Welcome to 2003 Issues, Opinions and Essays
By Roy D. Follendore III
Last year many thousands of individuals came to this site and read my essays. I have been impressed with the feedback. Several people wrote to say how much they appreciated the articles. A few people who are in the know stated that I was absolutely correct. Others disagreed. One writer had low opinions of a "liberal" professor who "poisoned the minds" of others. While I regret that such readers feel that way, such people are often the ones that probably most need to read essays and opinions that are different from their own. Words are hardly worth writing if what you have to say achieves no acknowledged resistance.
(You can still find the 2002 issues and essays at the link above.)
At times during 2002, I was critical of Israel. Hopefully in 2003, this will not be the case. As an American whose government and citizens sponsor Israeli policies to the tune of many billions of dollars, I think all Americans have a vested interest in seeing that humanitarian and democratic solutions are reached within the middle east.
Just because I wrote critical essays about the conduct of Israel, does not mean that I could not have been just as critical of the Palestinians. There was a reason for my writing. The key to solving a crisis is power, and for better or worse, the coherent power exists in the people of Israel. One of the great problems in the middle east is not the lack of intelligent people, but rather the lack of good education to intelligent people. Many Muslim "schools and universities" only teach the Koran and children are essentially taught that the universe is the Koran. Poor children learn to read by memorizing the scriptures. The middle eastern culture has been neglected by the rest of the civilized world. Science, art, and poetry may have their deepest roots there, but those roots have long been malnourished. The clash of the old values and traditional ideals with new realities is what is fueling the hatred. The return to fundamentalism is an attempt to turn back the arms of time and live in a mystically superior time and place where order can be understood in the weight and feel of sand.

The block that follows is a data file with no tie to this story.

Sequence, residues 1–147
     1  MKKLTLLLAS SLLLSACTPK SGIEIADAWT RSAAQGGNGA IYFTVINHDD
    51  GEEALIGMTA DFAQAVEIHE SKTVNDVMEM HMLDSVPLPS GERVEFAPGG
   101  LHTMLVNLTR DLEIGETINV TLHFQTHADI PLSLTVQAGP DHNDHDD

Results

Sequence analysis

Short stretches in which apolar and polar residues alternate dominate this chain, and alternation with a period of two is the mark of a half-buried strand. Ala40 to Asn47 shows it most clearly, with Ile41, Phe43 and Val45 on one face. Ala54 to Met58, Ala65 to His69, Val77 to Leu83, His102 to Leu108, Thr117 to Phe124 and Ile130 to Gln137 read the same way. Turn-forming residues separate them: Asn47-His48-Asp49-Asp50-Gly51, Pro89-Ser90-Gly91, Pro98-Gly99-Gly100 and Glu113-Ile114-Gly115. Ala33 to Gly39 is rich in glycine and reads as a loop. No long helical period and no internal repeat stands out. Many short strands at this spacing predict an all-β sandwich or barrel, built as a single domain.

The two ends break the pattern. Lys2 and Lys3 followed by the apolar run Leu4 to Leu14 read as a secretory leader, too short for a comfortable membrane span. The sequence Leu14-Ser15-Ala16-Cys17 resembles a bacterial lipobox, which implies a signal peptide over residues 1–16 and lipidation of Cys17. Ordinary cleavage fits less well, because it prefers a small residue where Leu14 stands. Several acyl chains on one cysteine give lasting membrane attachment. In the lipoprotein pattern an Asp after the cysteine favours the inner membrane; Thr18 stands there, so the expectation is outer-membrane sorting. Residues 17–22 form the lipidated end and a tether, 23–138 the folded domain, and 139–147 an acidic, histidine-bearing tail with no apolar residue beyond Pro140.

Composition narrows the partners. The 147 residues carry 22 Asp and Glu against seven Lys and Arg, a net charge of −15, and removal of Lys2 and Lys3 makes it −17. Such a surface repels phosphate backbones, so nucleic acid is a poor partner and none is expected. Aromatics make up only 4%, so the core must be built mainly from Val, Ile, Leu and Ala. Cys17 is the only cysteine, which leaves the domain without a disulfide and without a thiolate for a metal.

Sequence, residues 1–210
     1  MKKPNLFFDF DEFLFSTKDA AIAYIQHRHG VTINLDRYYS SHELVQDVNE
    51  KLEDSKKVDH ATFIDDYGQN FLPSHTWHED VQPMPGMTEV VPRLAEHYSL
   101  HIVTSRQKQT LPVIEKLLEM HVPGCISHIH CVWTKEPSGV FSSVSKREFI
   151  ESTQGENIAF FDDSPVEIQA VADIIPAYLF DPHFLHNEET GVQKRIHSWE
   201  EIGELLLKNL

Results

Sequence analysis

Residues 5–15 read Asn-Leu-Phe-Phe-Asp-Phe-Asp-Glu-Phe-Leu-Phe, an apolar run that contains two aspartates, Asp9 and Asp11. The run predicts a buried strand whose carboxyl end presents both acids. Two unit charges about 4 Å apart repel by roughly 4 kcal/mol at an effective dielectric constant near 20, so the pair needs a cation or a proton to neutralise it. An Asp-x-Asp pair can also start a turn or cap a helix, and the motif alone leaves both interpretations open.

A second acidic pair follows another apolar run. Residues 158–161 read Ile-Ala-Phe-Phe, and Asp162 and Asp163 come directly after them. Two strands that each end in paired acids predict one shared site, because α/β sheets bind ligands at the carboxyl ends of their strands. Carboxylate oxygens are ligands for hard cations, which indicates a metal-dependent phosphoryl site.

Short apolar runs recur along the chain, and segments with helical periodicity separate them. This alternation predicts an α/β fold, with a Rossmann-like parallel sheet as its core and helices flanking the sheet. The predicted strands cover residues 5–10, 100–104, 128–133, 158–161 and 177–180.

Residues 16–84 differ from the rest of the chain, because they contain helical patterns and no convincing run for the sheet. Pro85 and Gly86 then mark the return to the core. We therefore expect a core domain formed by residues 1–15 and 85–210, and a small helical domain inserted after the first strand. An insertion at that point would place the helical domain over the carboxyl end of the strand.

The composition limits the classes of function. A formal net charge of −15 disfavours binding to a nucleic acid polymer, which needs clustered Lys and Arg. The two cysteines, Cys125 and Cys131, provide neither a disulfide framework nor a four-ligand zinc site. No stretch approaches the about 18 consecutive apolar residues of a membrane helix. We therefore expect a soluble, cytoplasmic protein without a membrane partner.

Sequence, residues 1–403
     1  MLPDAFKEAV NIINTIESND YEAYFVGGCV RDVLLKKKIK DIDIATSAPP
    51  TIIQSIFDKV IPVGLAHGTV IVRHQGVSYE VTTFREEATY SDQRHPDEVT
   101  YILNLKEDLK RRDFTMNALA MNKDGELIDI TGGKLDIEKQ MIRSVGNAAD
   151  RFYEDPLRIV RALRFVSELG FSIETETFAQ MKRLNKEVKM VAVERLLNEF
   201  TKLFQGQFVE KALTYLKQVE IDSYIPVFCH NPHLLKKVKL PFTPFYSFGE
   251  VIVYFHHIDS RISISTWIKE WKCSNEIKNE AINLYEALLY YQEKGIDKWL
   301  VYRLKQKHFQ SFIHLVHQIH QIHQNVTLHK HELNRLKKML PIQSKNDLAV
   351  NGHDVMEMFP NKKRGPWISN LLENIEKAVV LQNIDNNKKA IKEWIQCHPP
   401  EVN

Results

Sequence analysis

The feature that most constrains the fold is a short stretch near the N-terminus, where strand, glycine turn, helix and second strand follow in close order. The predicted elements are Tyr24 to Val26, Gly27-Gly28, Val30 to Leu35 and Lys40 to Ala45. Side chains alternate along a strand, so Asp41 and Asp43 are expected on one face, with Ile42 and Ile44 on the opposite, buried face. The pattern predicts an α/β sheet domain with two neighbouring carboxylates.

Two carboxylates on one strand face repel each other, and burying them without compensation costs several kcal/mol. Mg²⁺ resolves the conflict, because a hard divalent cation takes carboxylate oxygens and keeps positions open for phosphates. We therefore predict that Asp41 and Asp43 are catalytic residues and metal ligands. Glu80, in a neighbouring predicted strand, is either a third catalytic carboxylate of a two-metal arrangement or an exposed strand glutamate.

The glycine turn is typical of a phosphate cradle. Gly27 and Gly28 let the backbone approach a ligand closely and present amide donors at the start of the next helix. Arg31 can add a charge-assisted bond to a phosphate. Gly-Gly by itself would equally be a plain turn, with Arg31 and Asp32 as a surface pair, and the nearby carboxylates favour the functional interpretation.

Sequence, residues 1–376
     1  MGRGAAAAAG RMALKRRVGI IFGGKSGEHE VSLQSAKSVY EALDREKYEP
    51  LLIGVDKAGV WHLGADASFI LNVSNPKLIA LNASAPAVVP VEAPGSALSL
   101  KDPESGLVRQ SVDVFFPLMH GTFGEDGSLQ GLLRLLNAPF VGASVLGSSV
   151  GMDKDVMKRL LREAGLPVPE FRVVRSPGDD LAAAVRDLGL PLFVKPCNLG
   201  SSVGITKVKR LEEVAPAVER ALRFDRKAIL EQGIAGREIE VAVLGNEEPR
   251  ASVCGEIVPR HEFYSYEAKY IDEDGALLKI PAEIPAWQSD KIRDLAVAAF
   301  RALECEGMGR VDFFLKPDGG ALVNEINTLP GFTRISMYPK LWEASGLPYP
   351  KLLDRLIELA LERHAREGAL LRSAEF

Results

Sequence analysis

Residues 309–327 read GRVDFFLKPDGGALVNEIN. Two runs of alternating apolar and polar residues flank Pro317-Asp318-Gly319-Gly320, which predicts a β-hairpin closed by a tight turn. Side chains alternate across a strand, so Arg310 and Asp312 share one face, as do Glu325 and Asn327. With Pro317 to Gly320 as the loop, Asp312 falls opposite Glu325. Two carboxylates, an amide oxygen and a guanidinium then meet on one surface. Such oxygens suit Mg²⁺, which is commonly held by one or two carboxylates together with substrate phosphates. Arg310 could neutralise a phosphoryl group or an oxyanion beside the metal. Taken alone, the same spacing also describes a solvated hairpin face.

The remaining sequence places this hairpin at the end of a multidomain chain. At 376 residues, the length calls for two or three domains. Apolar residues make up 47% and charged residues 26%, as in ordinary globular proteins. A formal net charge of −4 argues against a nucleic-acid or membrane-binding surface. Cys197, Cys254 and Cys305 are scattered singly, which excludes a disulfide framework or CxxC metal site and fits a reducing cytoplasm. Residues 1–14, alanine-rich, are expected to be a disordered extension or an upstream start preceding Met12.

At times during 2002 I was also critical of the current American administration. Hopefully in 2003 this also will not be case. I am sure that President George W. Bush thinks of himself as a good man. As a former Governor of a state that has the consistently dubious honor of having the most executions of it's citizens, I can only believe that he must think that. Stamping out evil by hanging evil doers is a time honored tradition in Texas. I am willing to accept the idea that President Bush is a good man. But regardless of that black and white viewpoint on good and evil, I am afraid that history will not be kind to this President. We citizens have been dramatically affected by the incoherent policies of this administration.
Over the past year, President George W. Bush has proven himself to be an exceptionally strong willed man who likes to surround himself with members of the military industrial establishment. These are people who take care to stay close to exclusively advise him about everything from their singularly military perspectives. Former President Eisenhower, himself one of the greatest and most intelligent of Generals, warned the newly elected President Kennedy about depending too much on their kind. The Cuban missile crisis would have had a far different outcome if Kennedy had listened to his military commanders. That is the difference between Kennedy and Bush. Kennedy knew from personal experience what war was about, and he was able to recognize just how flawed the military mind can be in tense political circumstances. The military philosophy is undoubtedly important and it can be useful, but it is not by any means the proper view for peaceful, diplomatic, technical, cultural, civil or religious resolutions. After two years of hearing "the George W" way of doing things, and seeing the results, experts in these areas are deciding that "their" way should have been considered. The fact is that over the past two years the people of America have not been listened to. The American people are beginning to fully realize it.